There is now compelling evidence that many plastic products contain chemicals that can both mimic and inhibit the activity of hormones that are essential for normal development and function in wildlife, experimental animals, and humans. One such “endocrine disrupting chemical” is bisphenol A (BPA), used to make polycarbonate plastic and the resin used to line metal cans, which was known to act as a synthetic estrogen as far back as the 1950s. One goal of the “Green Chemistry” initiative is to prevent these types of mistakes. BPA leaching is implicated as a contributor to the epidemics of obesity, diabetes, heart disease, infertility, bladder-urethra disorders, breast and prostate cancer and neuro-behaviora
l disorders such as ADHD. Another example is the phthalates, plasticizers that can leach out of polyvinyl chloride (PVC) plastic. Some phthalates block production of testosterone, which is required for normal masculinization of males.
Federal regulatory agencies have refused to acknowledge the hundreds of peer-reviewed studies and scientific review panels that express concern regarding harm to human health and the environment due to leaching of these chemicals from a wide array of commonly-used products. Instead, risk assessment panels for regulatory agencies such as the US FDA have deemed them safe, based only on a very small number of chemical industry-funded studies that used outdated methods and never lead to the conclusion that endocrine disrupting chemicals such as BPA pose a threat to animal or human health -- in stark contrast to hundreds of NIH-funded studies that virtually always report harm using state-of-the art methods to reveal molecular pathways mediating disease. In response to the failure of federal regulatory agencies such as the FDA to take appropriate action to protect the public health, legislative bodies are attempting to enact regulations to protect the public from specific chemicals such as BPA and phthalates, while the affected corporations are spending hundreds of millions of dollars fighting each piece of legislation rather than using this money to develop safer alternatives. This reveals the urgent need to restructure laws governing our federal chemical regulatory system, which has allowed thousands of chemicals to be used in household products even though they have never been tested for health effects and remain unidentified not only to the public but also to federal regulatory agencies.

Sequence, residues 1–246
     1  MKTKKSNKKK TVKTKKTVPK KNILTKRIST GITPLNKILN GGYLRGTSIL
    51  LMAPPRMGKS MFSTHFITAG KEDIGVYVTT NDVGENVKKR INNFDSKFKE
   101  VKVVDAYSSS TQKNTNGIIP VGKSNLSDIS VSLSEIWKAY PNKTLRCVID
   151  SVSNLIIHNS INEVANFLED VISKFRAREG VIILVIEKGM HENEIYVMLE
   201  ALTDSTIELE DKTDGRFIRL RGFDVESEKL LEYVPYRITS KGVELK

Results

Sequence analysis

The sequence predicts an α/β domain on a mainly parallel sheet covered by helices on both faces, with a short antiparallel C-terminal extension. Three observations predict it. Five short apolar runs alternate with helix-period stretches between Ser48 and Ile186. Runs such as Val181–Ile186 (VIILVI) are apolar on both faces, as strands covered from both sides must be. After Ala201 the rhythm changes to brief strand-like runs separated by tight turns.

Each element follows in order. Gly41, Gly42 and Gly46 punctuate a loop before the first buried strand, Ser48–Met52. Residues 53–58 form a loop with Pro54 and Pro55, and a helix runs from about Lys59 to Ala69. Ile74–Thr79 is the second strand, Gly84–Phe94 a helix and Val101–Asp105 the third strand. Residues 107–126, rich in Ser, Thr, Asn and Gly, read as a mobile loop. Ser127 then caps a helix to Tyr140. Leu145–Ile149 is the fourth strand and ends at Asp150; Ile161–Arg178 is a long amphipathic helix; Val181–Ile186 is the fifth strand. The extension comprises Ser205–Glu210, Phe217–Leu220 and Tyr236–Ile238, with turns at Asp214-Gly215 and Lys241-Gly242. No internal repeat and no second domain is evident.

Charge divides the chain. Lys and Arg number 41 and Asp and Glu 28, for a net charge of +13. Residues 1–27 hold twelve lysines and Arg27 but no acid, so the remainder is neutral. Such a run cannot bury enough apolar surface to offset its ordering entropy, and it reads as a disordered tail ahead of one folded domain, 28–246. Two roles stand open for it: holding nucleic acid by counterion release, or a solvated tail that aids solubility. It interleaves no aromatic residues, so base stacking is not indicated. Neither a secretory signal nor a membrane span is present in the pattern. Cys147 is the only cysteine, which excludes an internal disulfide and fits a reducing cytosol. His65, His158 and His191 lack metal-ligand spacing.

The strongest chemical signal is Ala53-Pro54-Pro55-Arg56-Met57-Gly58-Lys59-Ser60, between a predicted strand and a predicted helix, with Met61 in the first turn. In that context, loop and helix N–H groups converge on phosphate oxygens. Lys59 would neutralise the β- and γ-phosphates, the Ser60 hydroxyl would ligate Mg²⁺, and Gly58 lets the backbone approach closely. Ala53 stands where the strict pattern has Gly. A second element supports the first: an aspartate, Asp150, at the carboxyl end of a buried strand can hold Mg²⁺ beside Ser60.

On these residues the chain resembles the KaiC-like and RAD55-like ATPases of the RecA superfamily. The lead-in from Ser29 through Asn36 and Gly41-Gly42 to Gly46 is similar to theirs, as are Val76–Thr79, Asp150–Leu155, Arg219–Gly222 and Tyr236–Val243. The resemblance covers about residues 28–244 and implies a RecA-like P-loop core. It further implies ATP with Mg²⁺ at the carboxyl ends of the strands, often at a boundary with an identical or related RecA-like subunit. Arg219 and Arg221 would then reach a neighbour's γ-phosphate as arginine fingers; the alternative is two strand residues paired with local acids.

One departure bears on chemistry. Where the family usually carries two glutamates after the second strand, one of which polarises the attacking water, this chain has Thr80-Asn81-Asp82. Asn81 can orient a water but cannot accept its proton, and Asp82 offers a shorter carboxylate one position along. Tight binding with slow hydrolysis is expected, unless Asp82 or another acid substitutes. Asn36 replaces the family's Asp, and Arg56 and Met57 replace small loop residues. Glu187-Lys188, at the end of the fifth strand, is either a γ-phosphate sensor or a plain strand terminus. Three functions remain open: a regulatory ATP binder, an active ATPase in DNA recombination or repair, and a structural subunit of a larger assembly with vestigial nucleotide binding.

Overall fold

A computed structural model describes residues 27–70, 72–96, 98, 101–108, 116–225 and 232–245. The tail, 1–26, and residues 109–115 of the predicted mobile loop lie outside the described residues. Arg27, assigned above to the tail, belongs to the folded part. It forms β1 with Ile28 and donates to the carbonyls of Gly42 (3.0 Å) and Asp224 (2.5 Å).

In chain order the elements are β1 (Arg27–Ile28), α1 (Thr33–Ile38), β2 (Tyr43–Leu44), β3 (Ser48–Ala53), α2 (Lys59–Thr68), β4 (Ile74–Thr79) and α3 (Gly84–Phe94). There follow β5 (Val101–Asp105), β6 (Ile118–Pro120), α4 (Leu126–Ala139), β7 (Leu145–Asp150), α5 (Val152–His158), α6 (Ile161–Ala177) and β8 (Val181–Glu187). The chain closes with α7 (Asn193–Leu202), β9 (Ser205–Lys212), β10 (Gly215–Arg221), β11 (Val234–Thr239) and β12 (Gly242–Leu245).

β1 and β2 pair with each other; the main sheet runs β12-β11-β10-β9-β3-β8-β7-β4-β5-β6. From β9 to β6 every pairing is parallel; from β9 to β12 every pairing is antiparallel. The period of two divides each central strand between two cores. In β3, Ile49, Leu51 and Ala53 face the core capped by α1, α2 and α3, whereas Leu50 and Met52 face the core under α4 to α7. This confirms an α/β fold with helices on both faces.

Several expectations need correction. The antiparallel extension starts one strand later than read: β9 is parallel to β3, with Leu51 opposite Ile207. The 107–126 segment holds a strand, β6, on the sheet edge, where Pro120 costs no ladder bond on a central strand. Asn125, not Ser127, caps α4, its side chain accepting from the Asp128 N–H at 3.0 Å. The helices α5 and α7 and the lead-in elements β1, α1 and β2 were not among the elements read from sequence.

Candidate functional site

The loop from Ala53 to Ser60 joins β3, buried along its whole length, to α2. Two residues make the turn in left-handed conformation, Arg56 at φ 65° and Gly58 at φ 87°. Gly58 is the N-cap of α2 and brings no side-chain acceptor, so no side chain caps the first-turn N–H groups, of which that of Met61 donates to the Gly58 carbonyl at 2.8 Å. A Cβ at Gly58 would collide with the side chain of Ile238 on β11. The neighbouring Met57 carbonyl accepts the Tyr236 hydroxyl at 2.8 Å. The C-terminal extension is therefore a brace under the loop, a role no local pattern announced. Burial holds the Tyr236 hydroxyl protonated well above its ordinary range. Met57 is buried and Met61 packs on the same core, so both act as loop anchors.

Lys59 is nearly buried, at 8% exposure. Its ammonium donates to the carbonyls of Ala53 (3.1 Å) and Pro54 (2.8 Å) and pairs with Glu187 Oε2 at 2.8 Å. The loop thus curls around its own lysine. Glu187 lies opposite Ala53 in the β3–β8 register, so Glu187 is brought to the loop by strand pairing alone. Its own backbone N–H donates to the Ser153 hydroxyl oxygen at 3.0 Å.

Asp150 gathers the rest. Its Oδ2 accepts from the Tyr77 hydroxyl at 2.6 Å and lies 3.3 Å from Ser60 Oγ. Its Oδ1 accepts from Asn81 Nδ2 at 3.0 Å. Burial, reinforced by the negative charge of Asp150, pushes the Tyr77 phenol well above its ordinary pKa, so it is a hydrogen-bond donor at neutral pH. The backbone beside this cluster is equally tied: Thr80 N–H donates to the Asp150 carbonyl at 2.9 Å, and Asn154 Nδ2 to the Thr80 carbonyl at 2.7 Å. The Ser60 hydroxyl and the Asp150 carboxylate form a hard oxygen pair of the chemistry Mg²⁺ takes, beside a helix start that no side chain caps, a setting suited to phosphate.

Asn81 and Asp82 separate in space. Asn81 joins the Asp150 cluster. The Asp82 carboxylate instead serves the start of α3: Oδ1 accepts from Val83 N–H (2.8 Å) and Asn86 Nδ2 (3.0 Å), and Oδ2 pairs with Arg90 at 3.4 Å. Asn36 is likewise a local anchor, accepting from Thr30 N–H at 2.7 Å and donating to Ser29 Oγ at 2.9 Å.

Frederick vom Saal was a Peace Corps volunteer in Somalia and Kenya and then received a Ph.D. in neurobiology from Rutgers University and postdoctoral training in reproductive biology at the University of Texas at Austin. He is Curators’ Professor of biology at the University of Missouri-Columb
ia. The focus of his research is the abnormal development of reproductive organs and metabolic processes due to exposure during fetal life to estrogenic chemicals in plastic. He has published over 160 articles, and has testified at hearings in the U.S. Senate and House of Representatives , numerous State legislative bodies, the EU Parliament, and at regulatory agency hearings in USA, Germany and Japan. He has served on the editorial boards of a number of scientific journals and on the NAS Committee on Hormonally Active Agents in the Environment, and is an elected fellow of the AAAS.
4:30-6 p.m. in Porter Hall 100 (Gregg Hall). Co-sponsored by the Institute for Green Science, CMU's Departments of Chemistry and Civil & Environmental Engineering, and The Shaw Group.